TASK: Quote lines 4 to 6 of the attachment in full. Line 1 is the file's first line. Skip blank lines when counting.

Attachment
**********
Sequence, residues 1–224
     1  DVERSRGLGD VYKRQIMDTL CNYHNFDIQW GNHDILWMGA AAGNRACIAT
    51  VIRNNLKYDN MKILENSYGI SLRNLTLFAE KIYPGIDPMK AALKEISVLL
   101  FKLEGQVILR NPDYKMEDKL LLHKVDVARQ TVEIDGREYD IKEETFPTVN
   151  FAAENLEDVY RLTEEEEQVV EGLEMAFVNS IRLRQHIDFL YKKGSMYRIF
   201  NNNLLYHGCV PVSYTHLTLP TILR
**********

   101  FKLEGQVILR NPDYKMEDKL LLHKVDVARQ TVEIDGREYD IKEETFPTVN
   151  FAAENLEDVY RLTEEEEQVV EGLEMAFVNS IRLRQHIDFL YKKGSMYRIF
   201  NNNLLYHGCV PVSYTHLTLP TILR